Bible study

Five Common Mindsets to Avoid in Bible Study

God is worth his word being read, interpreted, and applied well. If you doubt that for a moment, then I recommend reading through Psalm 119 in its entirety. Even if you are convinced of God’s worth and the sufficiency of his word you have likely at times, like myself, approached scripture with a faulty perspective. There are numerous ways to veer off track from faithful engagement with scripture; however, there are five common mindsets that will certainly miss the mark.

1. The Prooftext Mindset

God’s word is much more than random verses used to prove we are correct about various issues. Being correct is the wrong pursuit. We should actually pursue being in submission to the teaching of scripture. In fact, we will often find our theological theories and presuppositions incorrect in light of the full scope of scripture’s teaching.

2. The Man-Centered Mindset

The Bible is often used as a treatment of the symptoms of our lives. Such usage approaches the bible as an answer book to our problems, struggles, doubts, and failures. Undoubtedly God’s word addresses each of these things; however, they are not the theme. God Himself is the central character and to miss that is to miss the main point.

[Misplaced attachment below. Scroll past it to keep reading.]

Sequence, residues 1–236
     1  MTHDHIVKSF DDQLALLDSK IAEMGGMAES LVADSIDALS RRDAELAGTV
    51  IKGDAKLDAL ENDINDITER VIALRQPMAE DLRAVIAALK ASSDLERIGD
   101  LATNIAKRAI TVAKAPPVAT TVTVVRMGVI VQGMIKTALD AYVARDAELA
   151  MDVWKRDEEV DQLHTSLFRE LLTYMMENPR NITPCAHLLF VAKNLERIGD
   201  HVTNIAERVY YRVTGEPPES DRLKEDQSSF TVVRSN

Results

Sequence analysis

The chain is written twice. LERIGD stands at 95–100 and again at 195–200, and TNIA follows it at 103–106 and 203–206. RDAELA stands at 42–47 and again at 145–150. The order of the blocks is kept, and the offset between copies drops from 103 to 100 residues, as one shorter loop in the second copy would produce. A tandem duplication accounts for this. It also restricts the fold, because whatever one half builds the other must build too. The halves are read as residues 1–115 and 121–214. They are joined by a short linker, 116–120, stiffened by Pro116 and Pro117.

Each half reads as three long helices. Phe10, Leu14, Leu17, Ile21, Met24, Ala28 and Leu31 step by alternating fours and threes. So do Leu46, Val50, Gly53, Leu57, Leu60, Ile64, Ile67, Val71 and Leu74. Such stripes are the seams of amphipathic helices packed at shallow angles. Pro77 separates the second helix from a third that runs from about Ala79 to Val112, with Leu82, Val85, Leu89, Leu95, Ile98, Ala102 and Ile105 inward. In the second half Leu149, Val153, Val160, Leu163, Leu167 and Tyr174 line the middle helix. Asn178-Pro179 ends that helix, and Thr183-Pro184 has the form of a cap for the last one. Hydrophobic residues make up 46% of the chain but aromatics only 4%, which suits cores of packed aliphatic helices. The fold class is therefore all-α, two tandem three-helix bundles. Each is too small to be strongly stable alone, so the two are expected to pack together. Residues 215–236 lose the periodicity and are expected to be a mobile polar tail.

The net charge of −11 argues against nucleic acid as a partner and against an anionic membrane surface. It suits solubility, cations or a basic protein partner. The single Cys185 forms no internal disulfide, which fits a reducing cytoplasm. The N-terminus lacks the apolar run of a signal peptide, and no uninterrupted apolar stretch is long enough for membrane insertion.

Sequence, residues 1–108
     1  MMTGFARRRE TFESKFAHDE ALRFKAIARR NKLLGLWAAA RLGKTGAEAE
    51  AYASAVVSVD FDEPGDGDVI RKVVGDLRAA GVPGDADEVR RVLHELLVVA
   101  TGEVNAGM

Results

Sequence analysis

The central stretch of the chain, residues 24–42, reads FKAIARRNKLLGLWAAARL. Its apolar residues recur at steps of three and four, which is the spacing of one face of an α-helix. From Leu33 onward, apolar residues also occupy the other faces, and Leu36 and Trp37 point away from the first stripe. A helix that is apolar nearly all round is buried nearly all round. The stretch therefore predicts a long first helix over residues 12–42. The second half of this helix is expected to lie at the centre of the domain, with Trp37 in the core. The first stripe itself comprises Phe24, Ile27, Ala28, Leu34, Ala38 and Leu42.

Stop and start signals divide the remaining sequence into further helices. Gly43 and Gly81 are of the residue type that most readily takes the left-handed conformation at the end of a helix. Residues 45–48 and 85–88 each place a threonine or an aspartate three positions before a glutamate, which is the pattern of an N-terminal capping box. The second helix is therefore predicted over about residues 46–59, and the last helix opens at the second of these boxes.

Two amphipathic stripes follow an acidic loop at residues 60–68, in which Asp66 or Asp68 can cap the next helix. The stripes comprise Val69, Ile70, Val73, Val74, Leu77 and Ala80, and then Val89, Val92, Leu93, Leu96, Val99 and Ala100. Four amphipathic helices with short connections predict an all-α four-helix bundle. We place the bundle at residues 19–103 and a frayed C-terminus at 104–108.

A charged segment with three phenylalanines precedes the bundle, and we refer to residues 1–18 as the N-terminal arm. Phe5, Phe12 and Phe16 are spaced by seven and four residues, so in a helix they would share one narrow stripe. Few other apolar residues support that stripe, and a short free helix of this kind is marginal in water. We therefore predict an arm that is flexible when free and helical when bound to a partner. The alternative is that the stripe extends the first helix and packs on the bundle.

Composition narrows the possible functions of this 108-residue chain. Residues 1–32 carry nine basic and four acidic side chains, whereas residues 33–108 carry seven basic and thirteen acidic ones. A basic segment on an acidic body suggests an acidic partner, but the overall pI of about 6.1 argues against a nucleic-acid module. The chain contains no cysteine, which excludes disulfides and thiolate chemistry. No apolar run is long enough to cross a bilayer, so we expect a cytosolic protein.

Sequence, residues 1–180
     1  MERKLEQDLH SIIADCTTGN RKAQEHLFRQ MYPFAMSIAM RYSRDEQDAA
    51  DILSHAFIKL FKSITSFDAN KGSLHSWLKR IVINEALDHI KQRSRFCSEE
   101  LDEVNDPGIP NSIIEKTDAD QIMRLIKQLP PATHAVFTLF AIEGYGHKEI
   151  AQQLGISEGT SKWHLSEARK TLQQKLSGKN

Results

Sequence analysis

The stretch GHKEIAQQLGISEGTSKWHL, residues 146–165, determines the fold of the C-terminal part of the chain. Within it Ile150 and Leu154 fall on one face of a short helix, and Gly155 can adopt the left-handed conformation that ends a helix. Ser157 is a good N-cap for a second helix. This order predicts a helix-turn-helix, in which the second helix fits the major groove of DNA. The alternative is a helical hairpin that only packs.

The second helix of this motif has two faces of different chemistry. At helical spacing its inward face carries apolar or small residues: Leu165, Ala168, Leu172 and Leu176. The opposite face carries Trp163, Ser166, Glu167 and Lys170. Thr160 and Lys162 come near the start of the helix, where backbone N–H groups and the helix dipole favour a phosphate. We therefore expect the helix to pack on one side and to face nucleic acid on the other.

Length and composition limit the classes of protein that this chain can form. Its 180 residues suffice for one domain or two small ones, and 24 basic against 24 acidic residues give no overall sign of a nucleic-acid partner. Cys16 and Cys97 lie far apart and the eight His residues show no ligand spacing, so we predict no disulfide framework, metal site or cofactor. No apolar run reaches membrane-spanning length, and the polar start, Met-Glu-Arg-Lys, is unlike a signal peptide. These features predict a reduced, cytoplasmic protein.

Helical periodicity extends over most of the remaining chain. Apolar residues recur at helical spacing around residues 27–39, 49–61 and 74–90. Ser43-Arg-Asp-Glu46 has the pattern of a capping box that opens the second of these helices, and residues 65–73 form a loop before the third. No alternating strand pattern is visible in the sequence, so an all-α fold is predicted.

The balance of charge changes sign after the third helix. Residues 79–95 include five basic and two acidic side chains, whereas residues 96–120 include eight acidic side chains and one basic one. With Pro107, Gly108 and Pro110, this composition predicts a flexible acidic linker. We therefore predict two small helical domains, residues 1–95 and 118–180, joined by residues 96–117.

3. The Theological Bent Mindset

Theology is important and God’s word is the source of good theology. We must be mindful of making God’s word fit into our theological emphases. Instead, our theological emphases must be the product of engaging with scripture faithfully.

4. The Overly Analytical Mindset

Interpreting Gods word well is essential and requires hard work. However, we can so scrutinize scripture that we rob it of its authority because we have become the authority. For example, the historical background of a text can be so emphasized that we miss the clear and main point of the passage. Avoid being overly analytical, but do not neglect diligence.

5. The Morality Mindset

Does the Bible contain moral truth? Absolutely! Is the Bible merely a compendium of ethical boundaries? Absolutely not! Far too often, like the Jewish religious leaders (John 5:39–40), we search the scriptures and bypass the one to whom they bear witness. We would do well to believe both Moses and Christ.

Can you identify a mindset with which you have approached scripture lately? Thankfully, as Christians we are in the process of “hermeneutical Sanctification” (Graeme Goldsworthy). In other words, we are continually growing in our ability to “rightly divide the word of truth.”

Is there another mindset that we are prone to fall into, which neglects to study the Bible for all God is worth? Share it.

Updated, January 2016

Photo by David Wright via Flickr

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